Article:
If you are considering orchiectomy of your cat, you should definitely have in mind the positive impact it’s going to have on your pet.
Neutering or spaying makes cats live longer and stay healthy.
It’s the natural protection from reproduction, which helps to avoid the case of unwanted kitty babies that are often being euthanized.
Moreover, castrated cats don’t bleed and mark territories.
They are less aggressive and build more trust with a human, so why won’t you give it a shot?
According to PetPlace.com, more and more people decide to neuter their little friends because of the overall benefits.
Some of them don’t know about the possible negative results on their pupils.
The difference between spaying and neutering is simple.
First, one refers to female cats, and it involves the excision of gonads.
The second one is the removal of male testicles.
Below we point out the most common side effects of spaying/neutering a cat.
The recovery process contains only temporary side effects, but you should definitely be aware of them.
After the spying/neutering, your cat will, for sure, take long to wake up from anesthesia.
It will sleep more and stay a bit dizzy for a bit.
First 24-72 hours after the surgery can also include dehydration, lack of appetite, and excessive vomiting, as well as intense bleeding and swelling, odor at the suture line, and extreme lethargy for another few days.
Don’t worry about your buddy.
All these symptoms are normal after such surgery, and the cat will handle it well.
One of the most common side effects after castration of your cat is the possibility of gaining weight.
It happens because unspayed cats typically have a strong mating desire, that allows them to expend lots of energy looking for a partner for reproduction.
Castrated cats don’t produce sex pheromones, which is why they don’t interact that much with other animals.
As a result, cats get lazier and less active.
Feeding them with the same amount of food and providing the same caloric balance can naturally cause weight gain.
This is why, before the castration, you should consult nutrition change for your pup with the vet.
As it’s said above, castrated cats are not interested in mating anymore, which normally would be their main daily activity routine.
After neutering, cats become more passive, sleep much more, and lose motivation to move, which, as a result, may cause obesity.
It’s essential for you to provide your cat with some activities in order to keep it in good shape.
Think of the ways to gain your pupil interests, buy some toys and gadgets, and make your lazy friend active again.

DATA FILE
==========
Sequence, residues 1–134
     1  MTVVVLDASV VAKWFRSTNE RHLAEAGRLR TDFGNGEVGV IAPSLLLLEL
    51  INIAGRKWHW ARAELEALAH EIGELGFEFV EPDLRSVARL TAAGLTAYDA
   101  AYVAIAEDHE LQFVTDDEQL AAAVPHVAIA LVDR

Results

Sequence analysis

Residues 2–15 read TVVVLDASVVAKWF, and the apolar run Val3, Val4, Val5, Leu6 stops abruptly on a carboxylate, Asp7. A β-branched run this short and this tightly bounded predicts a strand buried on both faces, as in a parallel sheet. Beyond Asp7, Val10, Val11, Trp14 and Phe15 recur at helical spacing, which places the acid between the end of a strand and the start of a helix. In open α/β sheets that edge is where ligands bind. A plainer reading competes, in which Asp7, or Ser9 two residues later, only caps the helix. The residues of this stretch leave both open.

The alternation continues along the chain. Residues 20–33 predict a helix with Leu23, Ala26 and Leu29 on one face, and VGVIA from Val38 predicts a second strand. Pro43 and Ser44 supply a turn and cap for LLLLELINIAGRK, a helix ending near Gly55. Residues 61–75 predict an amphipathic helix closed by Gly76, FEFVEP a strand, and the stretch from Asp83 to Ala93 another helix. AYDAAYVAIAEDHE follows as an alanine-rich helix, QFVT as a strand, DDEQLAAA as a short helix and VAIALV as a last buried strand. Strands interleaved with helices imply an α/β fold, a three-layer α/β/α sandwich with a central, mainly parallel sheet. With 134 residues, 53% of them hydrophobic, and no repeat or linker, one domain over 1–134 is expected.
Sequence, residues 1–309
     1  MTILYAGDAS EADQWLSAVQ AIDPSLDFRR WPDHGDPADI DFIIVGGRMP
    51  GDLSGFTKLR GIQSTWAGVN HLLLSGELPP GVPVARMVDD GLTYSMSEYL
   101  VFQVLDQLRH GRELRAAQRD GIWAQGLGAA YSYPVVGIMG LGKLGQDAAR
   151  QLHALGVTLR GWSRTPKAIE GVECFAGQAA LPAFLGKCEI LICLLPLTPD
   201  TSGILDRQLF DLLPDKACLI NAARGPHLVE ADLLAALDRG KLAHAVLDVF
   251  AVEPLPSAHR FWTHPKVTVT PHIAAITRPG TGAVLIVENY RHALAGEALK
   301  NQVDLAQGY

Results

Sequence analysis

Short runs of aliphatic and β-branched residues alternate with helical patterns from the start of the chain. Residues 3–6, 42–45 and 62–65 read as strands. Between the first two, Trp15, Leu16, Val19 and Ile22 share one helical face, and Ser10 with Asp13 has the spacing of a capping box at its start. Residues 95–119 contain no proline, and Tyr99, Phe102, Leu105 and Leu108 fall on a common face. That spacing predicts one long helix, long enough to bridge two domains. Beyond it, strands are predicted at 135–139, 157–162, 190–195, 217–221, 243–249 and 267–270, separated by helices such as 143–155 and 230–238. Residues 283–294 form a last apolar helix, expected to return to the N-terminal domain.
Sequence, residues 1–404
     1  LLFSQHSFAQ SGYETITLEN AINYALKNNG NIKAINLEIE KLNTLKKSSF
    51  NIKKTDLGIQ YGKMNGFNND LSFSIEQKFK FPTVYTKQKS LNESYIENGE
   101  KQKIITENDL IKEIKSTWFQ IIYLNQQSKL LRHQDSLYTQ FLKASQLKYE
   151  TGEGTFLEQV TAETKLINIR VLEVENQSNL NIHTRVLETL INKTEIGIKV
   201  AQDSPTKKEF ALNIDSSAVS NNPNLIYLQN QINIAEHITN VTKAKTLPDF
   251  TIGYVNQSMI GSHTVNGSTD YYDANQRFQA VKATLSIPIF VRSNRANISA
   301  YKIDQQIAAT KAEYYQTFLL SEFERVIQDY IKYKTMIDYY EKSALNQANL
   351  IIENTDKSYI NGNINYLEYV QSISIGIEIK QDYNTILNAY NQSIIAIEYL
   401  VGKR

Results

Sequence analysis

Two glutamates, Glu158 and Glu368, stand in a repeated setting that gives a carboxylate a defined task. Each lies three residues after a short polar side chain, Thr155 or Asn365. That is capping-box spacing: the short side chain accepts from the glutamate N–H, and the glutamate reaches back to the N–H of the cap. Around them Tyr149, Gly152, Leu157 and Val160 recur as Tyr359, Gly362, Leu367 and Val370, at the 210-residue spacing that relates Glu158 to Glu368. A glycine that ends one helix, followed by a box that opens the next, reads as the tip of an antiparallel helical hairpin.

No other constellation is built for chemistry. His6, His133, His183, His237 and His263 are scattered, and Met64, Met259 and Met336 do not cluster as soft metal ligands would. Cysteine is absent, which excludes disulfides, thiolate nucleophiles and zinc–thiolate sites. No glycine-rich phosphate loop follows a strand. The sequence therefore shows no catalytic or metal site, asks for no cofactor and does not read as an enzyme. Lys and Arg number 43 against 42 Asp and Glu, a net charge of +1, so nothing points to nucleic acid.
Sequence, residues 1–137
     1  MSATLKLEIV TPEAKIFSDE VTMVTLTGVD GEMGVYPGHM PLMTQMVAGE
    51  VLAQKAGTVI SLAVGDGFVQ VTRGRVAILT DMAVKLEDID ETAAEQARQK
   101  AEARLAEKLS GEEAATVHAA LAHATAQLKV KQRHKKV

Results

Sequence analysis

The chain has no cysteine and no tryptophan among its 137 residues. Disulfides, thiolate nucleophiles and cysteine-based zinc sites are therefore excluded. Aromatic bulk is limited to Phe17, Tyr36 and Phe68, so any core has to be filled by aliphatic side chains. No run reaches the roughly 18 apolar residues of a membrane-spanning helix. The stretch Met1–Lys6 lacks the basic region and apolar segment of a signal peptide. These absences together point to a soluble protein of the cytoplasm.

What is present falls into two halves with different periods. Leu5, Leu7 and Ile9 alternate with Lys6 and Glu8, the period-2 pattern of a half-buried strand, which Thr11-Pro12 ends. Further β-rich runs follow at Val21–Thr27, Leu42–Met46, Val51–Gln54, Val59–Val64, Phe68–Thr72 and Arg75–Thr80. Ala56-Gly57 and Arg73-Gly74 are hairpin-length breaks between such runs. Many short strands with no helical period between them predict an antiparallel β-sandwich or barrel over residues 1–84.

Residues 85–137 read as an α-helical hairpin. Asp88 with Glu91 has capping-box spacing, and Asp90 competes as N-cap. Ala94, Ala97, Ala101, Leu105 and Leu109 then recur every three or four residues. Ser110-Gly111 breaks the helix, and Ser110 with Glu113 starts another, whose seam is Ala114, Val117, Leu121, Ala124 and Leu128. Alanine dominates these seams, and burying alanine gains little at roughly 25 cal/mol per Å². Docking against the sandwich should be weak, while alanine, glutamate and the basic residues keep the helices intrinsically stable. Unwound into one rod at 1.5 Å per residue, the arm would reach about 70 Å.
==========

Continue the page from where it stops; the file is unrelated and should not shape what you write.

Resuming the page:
It may happen that your cat after spaying/neutering, will have problems with healthy urination.
It can happen soon after the castration or years after that.
As pets age, they may become incontinent.
This may be due to a weakening of the muscles that hold urine in the bladder.
Another reason for urinary incontinence can be so-called “Feline urological syndrome,” where you can observe difficulty passing urine.
It may be caused by subclinical stress or chronic urinary infections.
Postoperative infection can have both an internal or an external base.
It’s quite normal to catch the infection around the incision site, especially when the cat sits in wet places.
It can cause cystitis or urinary infections that can be cured with antibiotic therapy.
To prevent this situation, you should ask your vet for more wet cat food and increase its daily water intake.
Don’t worry; it is not that common.
In some cases, the ligature around a blood vessel breaks or slips off after the abdomen has been closed.
It appears mostly when the cat is really active, which hardly ever happens after the castration process.
However, if your cat acts differently than it should, the clinical symptoms are general weakness, pale gums, distended abdomen or disgust for food, and extreme weight loss.
How to take care of the cat after spaying/neutering
There are a few things you need to take into account after your kitty’s castration.
Proper care is very important after such surgery.
First of all, don’t feed your cat for 24h after the operation.
It needs to get rid of all the medicals from its body.
The day after neutering, you should feed your friend with easily digestible food in small quantities.
Check the postoperative wound every day, and don’t let the cat scratch or lick it.
Do not let your pup out alone for at least a week and give up the bath for a while.
That will surely speed up the recovery process and increase buddy’s safety.
Spaying/neutering your cat definitely has more pros than cons.
It protects your animal against many diseases, e.g., cancer.
It naturally lowers the cat’s population and the problem of unwanted babies.
Your cat is happy, healthy, friendly, and lives longer.
Castrating your cat is an excellent decision.
Learn more about the most common illnesses in cats.